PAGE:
[Advaita-l] Digest of Paramacharya's Discourses on Soundaryalahari (DPDS-19)

V. Krishnamurthy profvk at yahoo.com
Wed Sep 10 08:47:36 CDT 2003

FOR NEW READERS of this series, it may be worthwhile to go back
to  the Introduction  about the objective of this Digest and the
Note on the Organization (both at advaitin Message No.18425;
ambaa-L message no.5273; advaita-L message No.14046;
Sadhana_shakti message no.334). 
Let us recall that  the entire contents of the Digest are from
the Paramacharya’s ideas and words, including the first person
reference to himself,  except for my English rendering. Wherever
he uses specific English words himself, I have drawn the
attention of the reader to that fact. Recall particularly that
‘our Acharya’ or ‘The Acharya’ in the discourses, means ‘Adi
V. Krishnamurthy

A Digest of Paramacharya’s Discourses on Soundaryalahari -  19
(Digest of pp.824-831 of Deivathin Kural Vol.6, 4th imprn)
The Goddess LalitA-Tripurasundari,  as affirmed in this sloka. 
does not have the ‘vara-abhaya’ hands, (vara = boon; abhaya =
fearlessness). She has the sugarcane-bow and the arrow of
flowers in those two hands.  Note however, the Acharya himself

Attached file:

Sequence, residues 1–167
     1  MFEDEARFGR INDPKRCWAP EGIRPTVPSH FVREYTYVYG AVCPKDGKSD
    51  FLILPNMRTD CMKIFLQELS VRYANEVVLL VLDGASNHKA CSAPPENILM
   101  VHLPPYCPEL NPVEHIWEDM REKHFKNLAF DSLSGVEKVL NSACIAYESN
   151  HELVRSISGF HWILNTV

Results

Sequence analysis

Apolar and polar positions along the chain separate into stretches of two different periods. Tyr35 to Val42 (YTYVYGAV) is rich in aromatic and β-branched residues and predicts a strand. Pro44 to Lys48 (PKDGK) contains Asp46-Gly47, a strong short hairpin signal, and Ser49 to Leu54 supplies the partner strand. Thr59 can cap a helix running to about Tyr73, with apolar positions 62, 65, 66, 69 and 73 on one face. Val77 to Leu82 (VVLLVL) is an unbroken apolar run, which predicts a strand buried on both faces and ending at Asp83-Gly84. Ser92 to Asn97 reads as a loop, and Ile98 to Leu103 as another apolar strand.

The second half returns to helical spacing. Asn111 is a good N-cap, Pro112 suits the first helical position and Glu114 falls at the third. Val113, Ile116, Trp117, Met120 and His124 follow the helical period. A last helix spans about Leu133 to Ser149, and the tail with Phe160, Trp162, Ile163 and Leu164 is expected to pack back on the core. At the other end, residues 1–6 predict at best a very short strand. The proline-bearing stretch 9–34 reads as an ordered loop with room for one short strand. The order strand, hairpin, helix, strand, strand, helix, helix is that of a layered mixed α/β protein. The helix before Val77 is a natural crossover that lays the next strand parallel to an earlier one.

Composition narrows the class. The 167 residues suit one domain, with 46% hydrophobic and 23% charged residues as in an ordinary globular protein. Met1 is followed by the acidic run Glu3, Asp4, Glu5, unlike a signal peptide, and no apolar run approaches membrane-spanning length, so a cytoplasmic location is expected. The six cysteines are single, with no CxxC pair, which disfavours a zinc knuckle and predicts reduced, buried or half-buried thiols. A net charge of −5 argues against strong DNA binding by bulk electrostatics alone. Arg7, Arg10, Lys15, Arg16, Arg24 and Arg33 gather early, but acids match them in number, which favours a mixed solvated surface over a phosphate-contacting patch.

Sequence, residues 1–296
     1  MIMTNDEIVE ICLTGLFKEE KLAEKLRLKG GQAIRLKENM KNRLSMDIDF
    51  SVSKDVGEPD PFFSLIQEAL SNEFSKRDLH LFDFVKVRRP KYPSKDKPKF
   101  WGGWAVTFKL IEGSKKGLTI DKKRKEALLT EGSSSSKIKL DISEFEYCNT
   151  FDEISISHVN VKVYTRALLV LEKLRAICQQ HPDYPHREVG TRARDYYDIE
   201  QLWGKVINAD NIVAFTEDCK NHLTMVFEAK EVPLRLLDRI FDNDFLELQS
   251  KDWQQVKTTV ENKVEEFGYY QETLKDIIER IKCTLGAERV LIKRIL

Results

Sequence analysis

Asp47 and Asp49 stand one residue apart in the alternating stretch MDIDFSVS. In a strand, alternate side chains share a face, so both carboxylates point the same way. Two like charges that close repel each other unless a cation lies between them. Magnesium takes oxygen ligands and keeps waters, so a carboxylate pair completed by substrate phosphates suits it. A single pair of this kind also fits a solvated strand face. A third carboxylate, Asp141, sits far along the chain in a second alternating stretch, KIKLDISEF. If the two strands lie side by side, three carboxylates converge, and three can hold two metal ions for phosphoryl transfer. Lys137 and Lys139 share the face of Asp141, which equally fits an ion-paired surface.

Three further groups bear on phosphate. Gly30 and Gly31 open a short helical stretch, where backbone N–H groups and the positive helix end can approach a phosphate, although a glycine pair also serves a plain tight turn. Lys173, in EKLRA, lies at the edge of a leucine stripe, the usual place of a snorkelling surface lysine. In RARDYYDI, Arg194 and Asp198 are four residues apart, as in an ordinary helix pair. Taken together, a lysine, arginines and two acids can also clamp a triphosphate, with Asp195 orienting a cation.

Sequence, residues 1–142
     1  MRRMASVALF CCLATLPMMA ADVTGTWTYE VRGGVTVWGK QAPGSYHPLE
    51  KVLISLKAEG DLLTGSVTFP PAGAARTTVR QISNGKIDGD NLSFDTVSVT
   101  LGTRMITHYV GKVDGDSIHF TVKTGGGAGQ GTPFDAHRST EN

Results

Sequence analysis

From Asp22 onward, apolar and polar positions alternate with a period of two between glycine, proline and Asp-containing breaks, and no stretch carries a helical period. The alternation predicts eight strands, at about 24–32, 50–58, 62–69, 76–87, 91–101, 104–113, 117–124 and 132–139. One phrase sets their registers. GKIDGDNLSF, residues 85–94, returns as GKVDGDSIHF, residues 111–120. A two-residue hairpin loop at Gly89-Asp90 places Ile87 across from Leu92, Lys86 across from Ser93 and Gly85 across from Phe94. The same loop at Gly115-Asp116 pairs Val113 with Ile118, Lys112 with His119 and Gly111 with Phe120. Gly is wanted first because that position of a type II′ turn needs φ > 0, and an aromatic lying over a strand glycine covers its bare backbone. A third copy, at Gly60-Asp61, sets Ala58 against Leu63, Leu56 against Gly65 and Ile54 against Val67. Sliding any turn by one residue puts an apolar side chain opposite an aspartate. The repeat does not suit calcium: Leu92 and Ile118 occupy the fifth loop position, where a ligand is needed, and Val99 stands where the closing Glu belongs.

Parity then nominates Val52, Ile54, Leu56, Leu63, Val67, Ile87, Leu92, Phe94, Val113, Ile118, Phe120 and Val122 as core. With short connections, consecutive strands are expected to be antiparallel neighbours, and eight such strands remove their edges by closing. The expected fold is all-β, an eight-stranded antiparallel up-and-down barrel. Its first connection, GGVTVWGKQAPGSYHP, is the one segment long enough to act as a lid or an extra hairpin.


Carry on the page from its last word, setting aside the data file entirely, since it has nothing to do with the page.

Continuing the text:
says in Sloka 70 that She has all Her four hands indicative of
abhaya and vara.
Let us not make the mistake of thinking that this sloka means
that  all other deity-forms have the ‘vara-abhaya’ hands.  There
are several without these hands. Think of Vighneshvara (Lord
Ganesha, the elephant-headed deity) whom we see at every nook
and corner (in India). What about the figure of the dancing
Nataraja? He has only the ‘abhaya’ hand but no boon-giving hand.
Minakshi of Madurai does not have these two hands.  

The Vishnu deity (of almost all temples) Himself, though He has
four hands – with conch, disc, mace and lotus --, has no
‘vara-abhaya’ hands. Varada-rAja – the name meaning ‘the king of
boon-giving deities’ --  in Kanchipuram, inspite of His name,
does not have the ‘vara’ hand; He has the mace in that hand !
Maha-lakshmi, the Goddess of Wealth, almost invariably, has the
vara-abhaya hands.  But the Goddess of Learning, Sarasvati, does
not have either. 

Durga, most of the times, has an ‘abhaya’ by the right hand,
while the corresponding left hand is on the thigh – this
situation being  called ‘Uru-hastam’ . Some of the Subrahmanya
deity-forms have the same configuration.  Balaji of Tirupati has
the vara-mudrA in the right hand, while His left hand is an
‘Uru-hastam’. Thus the statement of this sloka “Other than You,
all other deities show the ‘vara-abhaya’ mudrA by their hands”
is to be considered a poetic exaggeration only.

(At this point the Paramacharya begins
 an elaborate introduction to slokas 5 and 6, 
thereby dwelling on the topic: 
“Is it legitimate for God to bless one ‘to desire’ ?´ -VK)

So far in the first three slokas the stotra does not say
specifically which deity is being praised. Even in the fourth
sloka there is just a clue that the deity is without the
‘vara-abhaya’ hands. How many hands there are, or what are in
those hands? – these questions are left open. In the next two
slokas, the clue is given (sloka 5) that it is that deity that